That is predicted to continue. The global climate models can’t reproduce these observed changes in large scale atmospheric circulation without introducing factors such as increased carbon dioxide and other greenhouse gases. Now the changes I’m talking about are things such as a widening of the tropics. So what’s actually happening is the circulation called the Hadley Circulation, and everybody knows from basic high school meteorology that over the tropics you get a lot of heat, and that heat leads to the air rising, and that air moves towards the poles and then sinks again – traditionally it sort of happens over south-eastern Australia, which is sort of the mid latitudes, that’s why it tends not to be as wet here as it is over the tropical regions.

Now what’s happened is that that cell’s actually expanding, it’s growing towards the poles at the rate of about half a degree a decade, that’s about 50 kilometres a decade, and what we’re seeing is that as it moves further south across south-eastern Australia it’s pushing the storm tracks further south. Most of that cool season rainfall we use to see was from cold fronts sweeping across the continent that everybody is familiar with from the weather maps. What’s happening is those are being pushed further south and they’re tending to miss the southern part of Australia, and that is happening in south-eastern Australia, and it’s already happened, I think most people know, in south-western Western Australia, where Perth of course has had declined rainfall since about 1975. We’re starting to see those effects now in the south east of the country also.

Glen Paul: Well then will this require us to rethink how we use the water supply systems across the region, particularly if the traditional filling season is the cool season, which is going to see less rainfall?

Dr. Post: Yeah. I think one of our messages to water managers and policy makers, is they need to be very adaptive in their management strategies. Traditionally now they tend to do things under the expectation that the dams will refill during the cool season, and we saw during the 2010/11 floods most of the rainfall occurring in the warm season of the year, and then mostly through tropical influences. So it’s not all bad – you get an expansion in the tropics, meaning that some of your cool season rainfall declines, that may be compensated for, in part, by an increase in warm season rainfall, but that relies on all these other drivers, like the El Niño Southern Oscillation, the Indian Ocean Dipole, the Southern Annual Mode, all of these things that we don’t fully understand just yet how they’re going to change into the future, particularly El Niño Southern Oscillation – there’s no real clear indication which way that’s going to go under a warmer world.

Glen Paul: Hmm, so a bit of a mixed bag. But what are the key messages then that we should take away from the report?

Dr. Post: I think that primarily that this change, this decrease in cool season rainfall across south-eastern Australia, and of course south-west Western Australia, is not going to go away. Basically we’re stuck with it. You’ll still get wet months from time to time, but you’re not going to have the same sort of reliability of rainfall as what we’ve seen traditionally in the past. We may see changes in rainfall leading to increases in the warm season, but that lack of cool season rainfall means that I think that water managers need to be very adaptive in the way in which they plan their water use, because they just can’t rely on that refilling of the dams to occur every winter, like it has traditionally.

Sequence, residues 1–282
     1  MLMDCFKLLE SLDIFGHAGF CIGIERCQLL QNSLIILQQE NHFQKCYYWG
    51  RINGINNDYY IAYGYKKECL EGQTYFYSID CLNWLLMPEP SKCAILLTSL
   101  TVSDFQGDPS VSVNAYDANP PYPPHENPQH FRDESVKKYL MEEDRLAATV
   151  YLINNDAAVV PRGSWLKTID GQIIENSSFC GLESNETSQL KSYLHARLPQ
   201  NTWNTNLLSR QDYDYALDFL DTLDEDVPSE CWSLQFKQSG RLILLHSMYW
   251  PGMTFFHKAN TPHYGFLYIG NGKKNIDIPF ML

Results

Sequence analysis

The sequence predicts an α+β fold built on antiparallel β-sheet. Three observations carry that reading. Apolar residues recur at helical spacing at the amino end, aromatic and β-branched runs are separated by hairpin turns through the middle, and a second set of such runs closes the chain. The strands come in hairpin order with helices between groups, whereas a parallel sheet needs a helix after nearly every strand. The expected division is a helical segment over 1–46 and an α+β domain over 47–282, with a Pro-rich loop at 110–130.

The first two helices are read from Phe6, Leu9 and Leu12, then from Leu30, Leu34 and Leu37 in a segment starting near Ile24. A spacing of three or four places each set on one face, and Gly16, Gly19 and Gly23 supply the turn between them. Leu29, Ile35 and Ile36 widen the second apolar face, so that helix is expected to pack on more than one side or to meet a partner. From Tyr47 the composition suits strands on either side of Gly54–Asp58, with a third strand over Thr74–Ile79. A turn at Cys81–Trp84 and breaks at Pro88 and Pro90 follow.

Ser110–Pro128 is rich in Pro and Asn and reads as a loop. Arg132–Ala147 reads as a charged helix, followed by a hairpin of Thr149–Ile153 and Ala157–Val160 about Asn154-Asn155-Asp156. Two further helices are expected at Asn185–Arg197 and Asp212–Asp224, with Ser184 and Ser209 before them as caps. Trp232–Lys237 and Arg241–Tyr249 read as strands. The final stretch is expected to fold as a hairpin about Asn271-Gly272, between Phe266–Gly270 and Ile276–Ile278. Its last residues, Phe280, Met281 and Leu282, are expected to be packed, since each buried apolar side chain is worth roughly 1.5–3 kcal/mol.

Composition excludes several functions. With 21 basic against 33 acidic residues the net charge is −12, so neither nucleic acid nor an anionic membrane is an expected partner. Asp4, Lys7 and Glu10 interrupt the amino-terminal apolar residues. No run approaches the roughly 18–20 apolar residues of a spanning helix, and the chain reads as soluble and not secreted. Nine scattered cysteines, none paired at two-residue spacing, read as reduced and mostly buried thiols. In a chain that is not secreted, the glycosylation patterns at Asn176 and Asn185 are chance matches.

Glen Paul: So this sounds like there’s still a need for further research to see us into the future. Will there be a phase three?

Dr. Post: So there won’t be a phase three of SEACI in total across the whole region, but we’re currently planning a new climate initiative with the Victorian State Government called VICCI, the Victorian Climate Initiative, and so that will continue to look at some of these important drivers, try to understand how they might change in a warmer world, and probably just as importantly understand how those changes in rainfall are likely to lead to changes in runoff and hydrology so the water managers can more efficiently plan for changes in rainfall in the future, and ensuring continuity supply to irrigators and so forth.

Glen Paul: Well just on that, the Synthesis of findings from phase two of the South Eastern Australian Climate Initiative, as it’s called, is available now, and it’s quite comprehensive. Who should these people contact if they need further information or assistance in interpreting some of it?

Dr. Post: Even though the second phase of SEACI is now over, I’ll still be responsible for working in this region. Something that CSIRO Land and Water has an interest in is trying to help water managers to further manage their supplies into the future, so even though that’s over, we’re still here and available to assist. If people want more information they can contact me directly, and I think my email details will be on the website, and there’s an email address seaci@csiro.org they can also send requests to that and we’ll certainly endeavour to help them in whatever they need assistance with.

There are copies of the Synthesis Report available for example, and Fact Sheets which provide a fairly easy to understand, but still fairly comprehensive, summary of the findings of SEACI.

Glen Paul: Great. Alright, well thank you very much for your time today, David. Much appreciated.

Dr. Post: Quite alright. Thank you very much.

Glen Paul: Doctor David Post. And to find out more about the initiative and other research being undertaken at CSIRO, or to follow us on other social media, just go to www.csiro.au.